- Find out whether both server-side and client-side key management is supported. Client-side encryption is better for the most security-conscious enterprises, although the burden of key management is on the customer. If only server-side encryption is supported, inquire about how internal keys are managed and protected.
- Learn about other options that might be available, such as the recently-announced CloudHSM service from Amazon that leverages a hardware-based encryption key storage unit. This may prove to be a better fit in some circumstances.
Encryption is rightfully viewed as one of the most important security controls when it comes to protecting data in the cloud. While S3 offers a variety of encryption options, it's a sure bet that more cloud storage providers will follow suit before long.
About the author:
Dave Shackleford is senior vice president of research and chief technology officer (CTO) at IANS, and a SANS analyst, instructor and course author. He has consulted with hundreds of organizations in the areas of security, regulatory compliance and network architecture and engineering. He is a VMware vExpert and has extensive experience designing and configuring secure virtualized infrastructures. He has previously worked as chief security officer for Configuresoft; CTO for the Center for Internet Security; and as a security architect, analyst and manager for several Fortune 500 companies. Dave is the author of the Sybex book Virtualization Security: Protecting Virtualized Environments, and he recently co-authored the first published course on virtualization security for the SANS Institute. He currently serves on the board of directors at the SANS Technology Institute and helps lead the Atlanta chapter of the Cloud Security Alliance.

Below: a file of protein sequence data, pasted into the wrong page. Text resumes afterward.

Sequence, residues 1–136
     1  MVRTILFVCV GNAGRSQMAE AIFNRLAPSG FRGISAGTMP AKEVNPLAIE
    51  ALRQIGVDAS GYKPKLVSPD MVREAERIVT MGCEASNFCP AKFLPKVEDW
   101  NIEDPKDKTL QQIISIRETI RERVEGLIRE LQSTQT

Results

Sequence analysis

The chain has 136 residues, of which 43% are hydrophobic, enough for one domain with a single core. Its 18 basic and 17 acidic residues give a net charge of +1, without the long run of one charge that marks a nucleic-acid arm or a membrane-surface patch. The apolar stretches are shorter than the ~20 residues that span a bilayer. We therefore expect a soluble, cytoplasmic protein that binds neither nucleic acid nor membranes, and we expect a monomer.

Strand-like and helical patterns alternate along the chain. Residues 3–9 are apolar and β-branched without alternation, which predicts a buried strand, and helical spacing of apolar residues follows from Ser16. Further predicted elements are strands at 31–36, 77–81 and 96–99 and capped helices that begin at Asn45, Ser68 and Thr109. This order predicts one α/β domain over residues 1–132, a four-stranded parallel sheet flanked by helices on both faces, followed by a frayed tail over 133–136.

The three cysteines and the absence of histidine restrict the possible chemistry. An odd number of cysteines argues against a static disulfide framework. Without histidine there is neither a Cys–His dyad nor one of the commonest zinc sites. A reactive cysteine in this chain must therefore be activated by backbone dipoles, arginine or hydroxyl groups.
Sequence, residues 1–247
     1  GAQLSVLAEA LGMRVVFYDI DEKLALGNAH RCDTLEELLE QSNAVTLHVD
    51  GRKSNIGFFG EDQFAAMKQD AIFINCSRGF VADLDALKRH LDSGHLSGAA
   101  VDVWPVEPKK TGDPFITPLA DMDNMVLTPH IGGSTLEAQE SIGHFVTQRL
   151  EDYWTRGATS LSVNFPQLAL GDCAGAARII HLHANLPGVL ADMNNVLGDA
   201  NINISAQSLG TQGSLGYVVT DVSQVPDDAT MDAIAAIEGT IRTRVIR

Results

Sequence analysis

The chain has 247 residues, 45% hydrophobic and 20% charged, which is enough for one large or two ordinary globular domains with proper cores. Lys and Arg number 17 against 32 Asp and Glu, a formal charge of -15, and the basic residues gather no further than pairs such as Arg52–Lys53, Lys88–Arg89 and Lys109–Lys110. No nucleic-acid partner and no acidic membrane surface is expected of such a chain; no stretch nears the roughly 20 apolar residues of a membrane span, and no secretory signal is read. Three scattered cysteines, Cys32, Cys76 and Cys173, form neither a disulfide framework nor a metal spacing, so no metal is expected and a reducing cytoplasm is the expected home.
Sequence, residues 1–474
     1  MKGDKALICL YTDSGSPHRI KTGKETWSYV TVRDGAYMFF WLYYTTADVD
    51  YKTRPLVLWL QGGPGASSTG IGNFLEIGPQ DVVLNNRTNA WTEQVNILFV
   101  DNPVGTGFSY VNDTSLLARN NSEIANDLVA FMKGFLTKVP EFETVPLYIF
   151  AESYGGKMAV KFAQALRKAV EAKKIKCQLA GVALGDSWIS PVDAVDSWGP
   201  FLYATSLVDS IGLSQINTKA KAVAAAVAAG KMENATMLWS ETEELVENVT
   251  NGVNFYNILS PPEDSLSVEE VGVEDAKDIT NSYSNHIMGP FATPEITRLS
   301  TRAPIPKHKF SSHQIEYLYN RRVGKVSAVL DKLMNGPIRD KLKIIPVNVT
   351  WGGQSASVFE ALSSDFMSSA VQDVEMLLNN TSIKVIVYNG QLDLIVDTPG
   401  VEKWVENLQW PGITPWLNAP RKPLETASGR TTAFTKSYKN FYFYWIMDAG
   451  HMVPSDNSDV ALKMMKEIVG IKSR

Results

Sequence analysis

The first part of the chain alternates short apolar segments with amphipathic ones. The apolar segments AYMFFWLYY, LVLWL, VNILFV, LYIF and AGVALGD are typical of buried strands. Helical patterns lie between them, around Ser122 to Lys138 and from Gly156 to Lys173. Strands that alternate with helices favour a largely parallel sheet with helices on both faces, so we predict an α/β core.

This was first published in May 2013